This month saw another Yaz lawsuit plaintiff added to a California master complaint when Katelyn Martin filed her lawsuit against Bayer on April 2, 2012 in the California Superior Court for the County of Los Angeles.

According to Martin’s complaint, she suffered from deep vein thrombosis and a pulmonary embolism on September 2, 2011. While Martin’s case has been filed separately from the master complaint, her case meets with the requirements that allow her case to be included with the others in terms of the accusations being made by other plaintiffs about the side effects they have suffered after taking Yaz and/or the generic version, Ocella. In joining her case to the master complaint, Martin’s lawsuit should move through the system faster.

Yaz, Yasmin and their generic equivalents have been linked to various side effects, including heart attacks, strokes, gallbladder disease and blood clots that can lead to pulmonary embolisms and deep vein thrombosis. Research has shown that the pills’ primary active ingredient, drospirenone (a synthetic progestin), is responsible for these side effects. At one point, FDA officials had received so many complaints about Yaz that they put together a panel advisory meeting to determine if the blood clot risk warranted a recall of the pills. In the end, the panel recommended that Yaz remain on the shelves, but with the stipulation that the warning labels on the drug show the blood clot risk more predominantly. This decision met with criticism after it was discovered that four of the panel members had financial ties to Bayer, but their recommendation was upheld.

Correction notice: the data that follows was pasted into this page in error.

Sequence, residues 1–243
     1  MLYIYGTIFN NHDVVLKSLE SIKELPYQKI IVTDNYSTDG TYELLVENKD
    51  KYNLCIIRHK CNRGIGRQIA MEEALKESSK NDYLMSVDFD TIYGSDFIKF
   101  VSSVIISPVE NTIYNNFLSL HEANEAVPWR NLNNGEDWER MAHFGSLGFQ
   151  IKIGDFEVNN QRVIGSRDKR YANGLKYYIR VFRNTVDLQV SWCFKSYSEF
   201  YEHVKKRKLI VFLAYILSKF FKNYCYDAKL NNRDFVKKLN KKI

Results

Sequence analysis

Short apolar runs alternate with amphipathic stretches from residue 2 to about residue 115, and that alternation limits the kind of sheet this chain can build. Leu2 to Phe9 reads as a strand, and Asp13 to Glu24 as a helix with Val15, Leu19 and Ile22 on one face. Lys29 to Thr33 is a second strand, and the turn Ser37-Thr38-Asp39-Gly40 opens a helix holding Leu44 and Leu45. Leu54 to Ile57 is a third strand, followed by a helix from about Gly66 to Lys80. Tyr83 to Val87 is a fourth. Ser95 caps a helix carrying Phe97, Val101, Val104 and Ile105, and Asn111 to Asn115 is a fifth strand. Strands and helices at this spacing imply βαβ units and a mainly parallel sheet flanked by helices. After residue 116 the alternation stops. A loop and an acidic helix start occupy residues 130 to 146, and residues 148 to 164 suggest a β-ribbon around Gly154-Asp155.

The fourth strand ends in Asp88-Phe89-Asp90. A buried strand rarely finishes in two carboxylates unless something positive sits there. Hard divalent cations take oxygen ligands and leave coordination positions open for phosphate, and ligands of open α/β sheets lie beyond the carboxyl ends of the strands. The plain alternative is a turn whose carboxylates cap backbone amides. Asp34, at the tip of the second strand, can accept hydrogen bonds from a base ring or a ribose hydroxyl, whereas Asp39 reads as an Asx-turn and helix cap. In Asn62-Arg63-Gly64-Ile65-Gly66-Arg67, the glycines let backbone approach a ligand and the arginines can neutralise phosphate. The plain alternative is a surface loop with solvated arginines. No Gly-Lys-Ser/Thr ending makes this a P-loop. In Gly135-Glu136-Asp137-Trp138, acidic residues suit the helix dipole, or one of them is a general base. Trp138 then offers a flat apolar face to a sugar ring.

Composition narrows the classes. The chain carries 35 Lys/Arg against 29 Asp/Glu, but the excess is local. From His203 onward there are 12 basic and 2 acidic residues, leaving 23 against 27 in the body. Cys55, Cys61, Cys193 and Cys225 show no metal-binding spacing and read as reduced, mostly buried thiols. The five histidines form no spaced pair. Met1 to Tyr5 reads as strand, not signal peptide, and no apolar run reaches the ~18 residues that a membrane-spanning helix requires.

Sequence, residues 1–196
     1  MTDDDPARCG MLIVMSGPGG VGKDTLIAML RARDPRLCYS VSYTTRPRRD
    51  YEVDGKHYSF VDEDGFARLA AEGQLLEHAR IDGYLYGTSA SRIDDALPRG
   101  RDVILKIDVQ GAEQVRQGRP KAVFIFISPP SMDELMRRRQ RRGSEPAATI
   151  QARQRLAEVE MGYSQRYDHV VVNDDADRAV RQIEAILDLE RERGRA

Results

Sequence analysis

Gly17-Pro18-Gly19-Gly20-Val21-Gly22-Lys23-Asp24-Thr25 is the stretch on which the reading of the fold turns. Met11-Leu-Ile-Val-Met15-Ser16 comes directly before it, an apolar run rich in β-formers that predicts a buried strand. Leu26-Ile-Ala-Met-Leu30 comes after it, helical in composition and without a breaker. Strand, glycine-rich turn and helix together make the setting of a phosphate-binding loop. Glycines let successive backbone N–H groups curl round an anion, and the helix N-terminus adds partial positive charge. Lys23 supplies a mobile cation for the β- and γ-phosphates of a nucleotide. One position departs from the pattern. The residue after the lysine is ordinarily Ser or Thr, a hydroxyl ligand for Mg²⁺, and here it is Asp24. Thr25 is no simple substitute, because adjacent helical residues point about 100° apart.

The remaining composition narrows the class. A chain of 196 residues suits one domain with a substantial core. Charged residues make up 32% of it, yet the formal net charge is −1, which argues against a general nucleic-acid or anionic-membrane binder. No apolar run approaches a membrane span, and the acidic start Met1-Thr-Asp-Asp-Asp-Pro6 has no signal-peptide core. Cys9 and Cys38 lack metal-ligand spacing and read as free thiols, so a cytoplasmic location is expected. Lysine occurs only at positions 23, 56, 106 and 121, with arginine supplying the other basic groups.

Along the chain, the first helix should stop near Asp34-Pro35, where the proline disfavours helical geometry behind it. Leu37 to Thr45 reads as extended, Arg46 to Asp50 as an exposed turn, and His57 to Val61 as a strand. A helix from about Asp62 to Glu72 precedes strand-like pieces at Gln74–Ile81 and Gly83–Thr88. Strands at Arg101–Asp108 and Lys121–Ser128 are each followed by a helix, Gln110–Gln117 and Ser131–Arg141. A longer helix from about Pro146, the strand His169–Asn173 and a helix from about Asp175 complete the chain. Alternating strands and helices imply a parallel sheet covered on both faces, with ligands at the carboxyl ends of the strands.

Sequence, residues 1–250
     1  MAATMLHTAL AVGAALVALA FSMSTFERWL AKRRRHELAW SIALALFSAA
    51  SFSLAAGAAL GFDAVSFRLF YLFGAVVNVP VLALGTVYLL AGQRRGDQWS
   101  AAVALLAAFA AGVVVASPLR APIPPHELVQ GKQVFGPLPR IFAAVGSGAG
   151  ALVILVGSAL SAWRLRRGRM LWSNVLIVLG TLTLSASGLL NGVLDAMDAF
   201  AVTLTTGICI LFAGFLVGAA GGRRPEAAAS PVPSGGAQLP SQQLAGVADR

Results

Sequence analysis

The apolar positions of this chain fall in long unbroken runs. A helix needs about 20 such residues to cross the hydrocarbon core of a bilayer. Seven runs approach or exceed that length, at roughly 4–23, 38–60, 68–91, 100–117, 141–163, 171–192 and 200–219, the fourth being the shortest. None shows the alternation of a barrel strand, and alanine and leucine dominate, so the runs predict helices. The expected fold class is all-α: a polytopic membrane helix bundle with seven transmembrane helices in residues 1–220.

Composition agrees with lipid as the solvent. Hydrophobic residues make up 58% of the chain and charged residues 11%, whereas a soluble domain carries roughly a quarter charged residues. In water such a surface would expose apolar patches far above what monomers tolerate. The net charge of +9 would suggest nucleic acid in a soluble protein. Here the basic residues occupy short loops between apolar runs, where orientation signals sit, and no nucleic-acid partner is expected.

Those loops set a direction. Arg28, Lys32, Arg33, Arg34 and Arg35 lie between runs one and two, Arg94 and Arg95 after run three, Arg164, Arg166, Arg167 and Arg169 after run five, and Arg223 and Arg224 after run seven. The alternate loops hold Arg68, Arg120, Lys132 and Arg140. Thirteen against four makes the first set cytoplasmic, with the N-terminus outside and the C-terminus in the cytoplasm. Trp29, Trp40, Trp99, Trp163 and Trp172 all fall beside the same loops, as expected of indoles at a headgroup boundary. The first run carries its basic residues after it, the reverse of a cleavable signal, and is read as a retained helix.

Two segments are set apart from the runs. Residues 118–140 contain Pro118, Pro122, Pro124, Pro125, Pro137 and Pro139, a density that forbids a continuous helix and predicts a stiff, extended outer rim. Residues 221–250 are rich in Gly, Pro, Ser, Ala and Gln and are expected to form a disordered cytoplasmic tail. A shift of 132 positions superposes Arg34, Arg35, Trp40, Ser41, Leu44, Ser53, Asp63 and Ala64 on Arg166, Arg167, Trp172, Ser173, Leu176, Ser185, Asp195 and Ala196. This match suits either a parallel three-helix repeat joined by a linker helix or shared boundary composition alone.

While Bayer continues to maintain that Yaz and other drospirenone-based pills are no more dangerous than other birth control pills that don’t contain drospirenone, the company recently agreed to a financial settlement of around 500 Yaz lawsuits for $110 million. That doesn’t sound like a company that is 100 percent certain that its pills are safe. This move on Bayer’s part may just end up helping the other Yaz lawsuits. Of course, I doubt that was Bayer’s intention when they agreed to the settlement.